Finding Trust (Because I Quit My Job)

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Trust is a weighty thing. It’s a two-way street in our relationships with others, but when it comes to God, it’s a one-way street. We don’t need Him to trust us, but we do need to trust Him.

Today is a new day, and it’s a first step into the days ahead. That’s the case for all of us each and every day. But today, it’s quite magnified for me.

I’ve taken some steps toward changes in my life—leaps of faith, as I see them—to move away from circumstances that didn’t honor God or me, but now I’ve moved into the unknown as a result of my choices.

I quit my job.

I gave my notice a few weeks ago, and yesterday was my last day. I don’t have another job yet, but I felt as though staying at that one had become something I could not continue to do. My husband has lovingly supported my decision, as he’s repeated to me that I “haven’t quit or retreated from anything,” but that I’ve chosen to “advance in a different direction.”  


My husband’s words of encouragement are extracted from Oliver Prince Smith—a decorated, four-star general and retired Korean War veteran—to encourage me: “Retreat, hell! We’re not retreating, we’re just advancing in a different direction.” My husband has repeatedly repeated the shortened version to me as I wrestled through making the decision about my job, and he reminded me of these words again last evening after I finished my last day in the office.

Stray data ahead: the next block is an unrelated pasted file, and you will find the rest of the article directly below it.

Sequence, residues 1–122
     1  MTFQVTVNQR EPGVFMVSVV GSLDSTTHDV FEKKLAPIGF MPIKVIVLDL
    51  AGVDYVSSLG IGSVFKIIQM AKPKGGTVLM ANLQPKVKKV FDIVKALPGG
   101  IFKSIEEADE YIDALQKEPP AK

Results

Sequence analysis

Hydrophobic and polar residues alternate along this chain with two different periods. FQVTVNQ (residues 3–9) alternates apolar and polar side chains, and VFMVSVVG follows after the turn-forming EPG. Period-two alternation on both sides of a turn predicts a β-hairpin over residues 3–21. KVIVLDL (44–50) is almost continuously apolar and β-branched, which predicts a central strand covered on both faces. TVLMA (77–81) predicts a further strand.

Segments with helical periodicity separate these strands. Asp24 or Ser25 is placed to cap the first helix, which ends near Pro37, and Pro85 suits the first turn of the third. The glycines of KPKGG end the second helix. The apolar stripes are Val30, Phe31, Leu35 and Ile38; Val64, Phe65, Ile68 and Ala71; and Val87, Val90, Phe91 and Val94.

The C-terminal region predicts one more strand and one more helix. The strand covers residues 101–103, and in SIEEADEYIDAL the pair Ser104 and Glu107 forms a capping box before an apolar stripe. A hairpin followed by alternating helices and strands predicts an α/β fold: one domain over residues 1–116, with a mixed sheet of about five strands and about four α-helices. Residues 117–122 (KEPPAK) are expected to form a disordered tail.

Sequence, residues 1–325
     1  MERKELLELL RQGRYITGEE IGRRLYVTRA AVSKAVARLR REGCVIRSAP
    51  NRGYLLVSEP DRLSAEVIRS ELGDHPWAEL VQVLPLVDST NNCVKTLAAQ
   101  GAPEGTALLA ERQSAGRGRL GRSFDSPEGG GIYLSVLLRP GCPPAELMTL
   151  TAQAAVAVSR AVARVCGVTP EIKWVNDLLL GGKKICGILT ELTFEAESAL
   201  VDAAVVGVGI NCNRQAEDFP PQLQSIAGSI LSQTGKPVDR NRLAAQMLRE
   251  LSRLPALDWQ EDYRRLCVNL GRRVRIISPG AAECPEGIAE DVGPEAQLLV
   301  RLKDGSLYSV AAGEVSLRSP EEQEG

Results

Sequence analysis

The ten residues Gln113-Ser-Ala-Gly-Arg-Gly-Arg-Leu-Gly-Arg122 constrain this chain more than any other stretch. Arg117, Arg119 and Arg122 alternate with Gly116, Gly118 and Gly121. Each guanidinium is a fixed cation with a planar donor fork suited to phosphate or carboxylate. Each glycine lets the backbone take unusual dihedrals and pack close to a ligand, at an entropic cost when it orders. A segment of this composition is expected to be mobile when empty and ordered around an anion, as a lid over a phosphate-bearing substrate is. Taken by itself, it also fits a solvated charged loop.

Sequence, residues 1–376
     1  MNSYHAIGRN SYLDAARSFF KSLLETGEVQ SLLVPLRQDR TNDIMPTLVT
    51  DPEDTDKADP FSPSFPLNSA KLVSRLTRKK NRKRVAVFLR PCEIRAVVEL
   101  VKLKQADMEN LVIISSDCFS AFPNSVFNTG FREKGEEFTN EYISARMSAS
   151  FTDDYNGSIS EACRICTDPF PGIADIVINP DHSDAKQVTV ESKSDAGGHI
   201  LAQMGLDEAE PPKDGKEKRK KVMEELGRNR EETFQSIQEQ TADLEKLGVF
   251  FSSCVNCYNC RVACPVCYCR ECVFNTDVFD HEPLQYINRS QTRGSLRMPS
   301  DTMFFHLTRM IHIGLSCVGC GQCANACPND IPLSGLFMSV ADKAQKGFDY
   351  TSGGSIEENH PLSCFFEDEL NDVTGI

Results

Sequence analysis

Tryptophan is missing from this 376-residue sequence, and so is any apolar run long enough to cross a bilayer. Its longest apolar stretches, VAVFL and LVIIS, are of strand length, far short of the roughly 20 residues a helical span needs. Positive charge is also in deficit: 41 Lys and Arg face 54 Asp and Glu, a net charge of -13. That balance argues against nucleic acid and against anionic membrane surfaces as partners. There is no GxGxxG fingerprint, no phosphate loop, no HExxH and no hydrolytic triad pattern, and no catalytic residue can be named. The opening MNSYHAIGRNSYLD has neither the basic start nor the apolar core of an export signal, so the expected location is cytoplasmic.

I’ve been wrestling with trusting God in my next steps. Today was a new day in the wrestling match of trusting Him.

My study time this morning took me into a lesson about time…and about how He knows the plans He has for us…and about how the plans He has ordained for us have already been written. Then I decided to read through Psalm 138 and 139.

My husband’s Bible was beside me in our library room, so I grabbed it and flipped to where Psalms would be found. The page I turned to quickly and randomly had a verse circled:

“Cast your cares on the Lord and he will sustain you; he will never let the righteous fall.”

My husband had written “burden” above “cares.”

No coincidence.
None of it.
It’s yet another God-incidence.

When this morning’s Bible study turned out to be about time, I smiled a bit and said a few “Oh, of course it is!” thoughts under my breath. Those of you who know me well have heard me talk about the importance of trusting God’s timing, but I always throw in a “…but He’s so slow!” comment about my own experiences.

But this!…here’s another God-incidence in a lickety-split moment, found as I was moving into the next course of study. I needed to stop to write my thoughts (that you are reading), because I knew Psalm 138 and 139 were going to keep His reminders coming.